We just returned from 2 days at Good Hope Bay where we found that smallmouth bass and bluegill fishing was very good, particular early in the morning. We discovered some patterns that should work lakewide. At first light both species were shallow along the shoreline and feeding actively. Surface lures worked great with hits on every cast from pugnacious 6-13 inch smallmouth bass. Rocky, 45 degree sloping shorelines, points and brushy coves were all alive with smallmouth bass. The shady side of the bay was more productive even in the dim light of morning. Surface action lasted for about an hour before the fish went deeper.
Probing the coves and canyons after the sun was up produced numerous bluegill and short smallmouth bass. Two inch grubs on 1/32 ounce lead heads caught fish all day long when thrown near brush in 5-10 feet of water. Large male bluegill and green sunfish were guarding nests and spawning. These fish were very aggressive and easy to catch. Larger grubs fished deeper took larger bass but the action was slower.
We saw no striped bass in Good Hope Bay but did find shad in the back of Red Canyon. We suspect small stripers will be feeding in the backs of canyons early in the mornings. There were reports of stripers feeding in White Canyon but we did not go up that far. The mudline was found near Scorup Canyon but no striped bass were caught there. The water temperature in the muddy water was 72 while the clear water on the opposite side of the line was 77. Visibility in the muddy water was 2 feet and 7 feet on the other side of the mudline. Campers in Blue Notch reported the road to be in good shape with launching of small to medium size boats possible. The only difficulty on the road were dips that were difficult for long wheel base vehicles like motor homes to negotiate.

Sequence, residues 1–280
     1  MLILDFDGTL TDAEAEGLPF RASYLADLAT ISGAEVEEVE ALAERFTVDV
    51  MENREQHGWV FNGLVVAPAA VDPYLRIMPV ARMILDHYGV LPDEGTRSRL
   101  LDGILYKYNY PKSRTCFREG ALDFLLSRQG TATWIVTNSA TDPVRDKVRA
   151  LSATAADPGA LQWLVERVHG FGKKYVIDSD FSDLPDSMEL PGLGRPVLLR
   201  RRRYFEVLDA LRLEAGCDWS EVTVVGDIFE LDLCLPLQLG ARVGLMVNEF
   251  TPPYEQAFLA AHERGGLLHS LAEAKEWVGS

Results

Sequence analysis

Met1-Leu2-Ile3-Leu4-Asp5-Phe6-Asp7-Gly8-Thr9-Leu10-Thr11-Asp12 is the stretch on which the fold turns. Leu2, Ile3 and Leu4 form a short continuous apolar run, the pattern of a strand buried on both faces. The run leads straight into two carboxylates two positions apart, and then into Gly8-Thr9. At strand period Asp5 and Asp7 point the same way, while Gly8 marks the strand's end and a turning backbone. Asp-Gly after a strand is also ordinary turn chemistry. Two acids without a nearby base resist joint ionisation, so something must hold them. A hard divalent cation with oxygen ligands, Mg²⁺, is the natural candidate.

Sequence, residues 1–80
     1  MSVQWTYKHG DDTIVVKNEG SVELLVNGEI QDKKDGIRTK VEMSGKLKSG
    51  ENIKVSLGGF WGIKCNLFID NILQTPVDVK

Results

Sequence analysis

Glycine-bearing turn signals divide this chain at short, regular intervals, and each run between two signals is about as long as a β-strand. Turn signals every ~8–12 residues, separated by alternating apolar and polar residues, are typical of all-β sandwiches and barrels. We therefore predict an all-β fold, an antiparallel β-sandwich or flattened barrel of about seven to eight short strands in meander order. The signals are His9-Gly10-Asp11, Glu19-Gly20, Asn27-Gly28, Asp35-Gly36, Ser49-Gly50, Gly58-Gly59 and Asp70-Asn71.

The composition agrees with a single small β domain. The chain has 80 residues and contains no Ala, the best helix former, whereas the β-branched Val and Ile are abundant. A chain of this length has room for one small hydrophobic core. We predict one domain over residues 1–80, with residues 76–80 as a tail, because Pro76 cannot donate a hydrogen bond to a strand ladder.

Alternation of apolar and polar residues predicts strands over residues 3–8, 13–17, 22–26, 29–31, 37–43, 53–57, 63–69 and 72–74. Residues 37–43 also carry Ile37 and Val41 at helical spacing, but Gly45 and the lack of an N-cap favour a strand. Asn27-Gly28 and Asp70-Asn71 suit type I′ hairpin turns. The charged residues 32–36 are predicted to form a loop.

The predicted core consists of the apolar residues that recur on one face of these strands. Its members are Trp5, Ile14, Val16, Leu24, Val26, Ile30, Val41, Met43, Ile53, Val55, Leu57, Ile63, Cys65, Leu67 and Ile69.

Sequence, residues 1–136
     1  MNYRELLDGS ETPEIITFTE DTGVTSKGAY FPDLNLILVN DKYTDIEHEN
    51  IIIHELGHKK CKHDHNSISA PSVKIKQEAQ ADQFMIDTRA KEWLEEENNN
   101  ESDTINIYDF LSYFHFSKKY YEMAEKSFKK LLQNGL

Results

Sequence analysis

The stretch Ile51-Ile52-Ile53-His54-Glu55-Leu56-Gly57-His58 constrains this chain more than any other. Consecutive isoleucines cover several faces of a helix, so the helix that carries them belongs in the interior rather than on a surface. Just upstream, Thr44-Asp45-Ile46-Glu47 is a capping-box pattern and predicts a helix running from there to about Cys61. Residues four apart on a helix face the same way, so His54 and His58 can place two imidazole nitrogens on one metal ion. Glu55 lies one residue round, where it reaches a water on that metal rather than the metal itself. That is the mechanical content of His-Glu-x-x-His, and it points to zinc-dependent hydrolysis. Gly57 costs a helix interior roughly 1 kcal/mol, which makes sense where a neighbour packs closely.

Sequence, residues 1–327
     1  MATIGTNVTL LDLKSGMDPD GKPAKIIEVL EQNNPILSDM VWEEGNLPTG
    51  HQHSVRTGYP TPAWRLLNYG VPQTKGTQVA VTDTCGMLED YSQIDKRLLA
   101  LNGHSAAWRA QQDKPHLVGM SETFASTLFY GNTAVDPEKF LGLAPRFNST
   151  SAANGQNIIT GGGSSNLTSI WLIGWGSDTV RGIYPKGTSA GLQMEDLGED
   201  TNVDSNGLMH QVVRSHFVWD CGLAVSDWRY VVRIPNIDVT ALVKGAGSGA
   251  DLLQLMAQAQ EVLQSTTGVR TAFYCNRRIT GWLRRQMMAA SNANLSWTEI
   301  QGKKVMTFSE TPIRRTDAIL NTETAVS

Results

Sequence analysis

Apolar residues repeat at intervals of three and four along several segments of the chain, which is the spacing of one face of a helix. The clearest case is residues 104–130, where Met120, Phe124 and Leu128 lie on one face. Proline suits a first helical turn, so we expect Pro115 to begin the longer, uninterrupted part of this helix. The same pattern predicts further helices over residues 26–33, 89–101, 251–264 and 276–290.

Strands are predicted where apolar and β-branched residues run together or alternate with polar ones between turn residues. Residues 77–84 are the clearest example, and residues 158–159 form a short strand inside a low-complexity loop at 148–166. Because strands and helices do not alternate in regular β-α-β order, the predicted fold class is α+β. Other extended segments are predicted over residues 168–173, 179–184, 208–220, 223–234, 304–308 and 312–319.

With the water warming, striped bass fishing will improve. Fish larger than 4 pounds need to be in cool water which is found 40-60 feet deep. Shad inhabit the warm surface layers so the larger stripers are separated from their food. The bigger fish are getting hungry and starting to feed on anchovies. Try steep canyon walls in the main channels with anchovies. Using electronic fish finders to help find fish is recommended. Once located a deep striper school can be stimulated into feeding by broadcasting small pieces of anchovies all around the boat. Attracting stripers with anchovies was legalized in 1996 to help anglers harvest striped bass. As the broadcast bait settles slowly, the school is attracted to the sight of scales and flashing silver food with a strong aroma. Feeding activity in one fish will stimulate the whole school into feeding. An unweighted, one-inch chunk of anchovy that settles as slowly as the free falling bait is too tempting for a hungry striper to resist. The larger fish, 4-10 pounds, will be taken by trollers using down riggers and those fishing anchovies at 40-60 feet.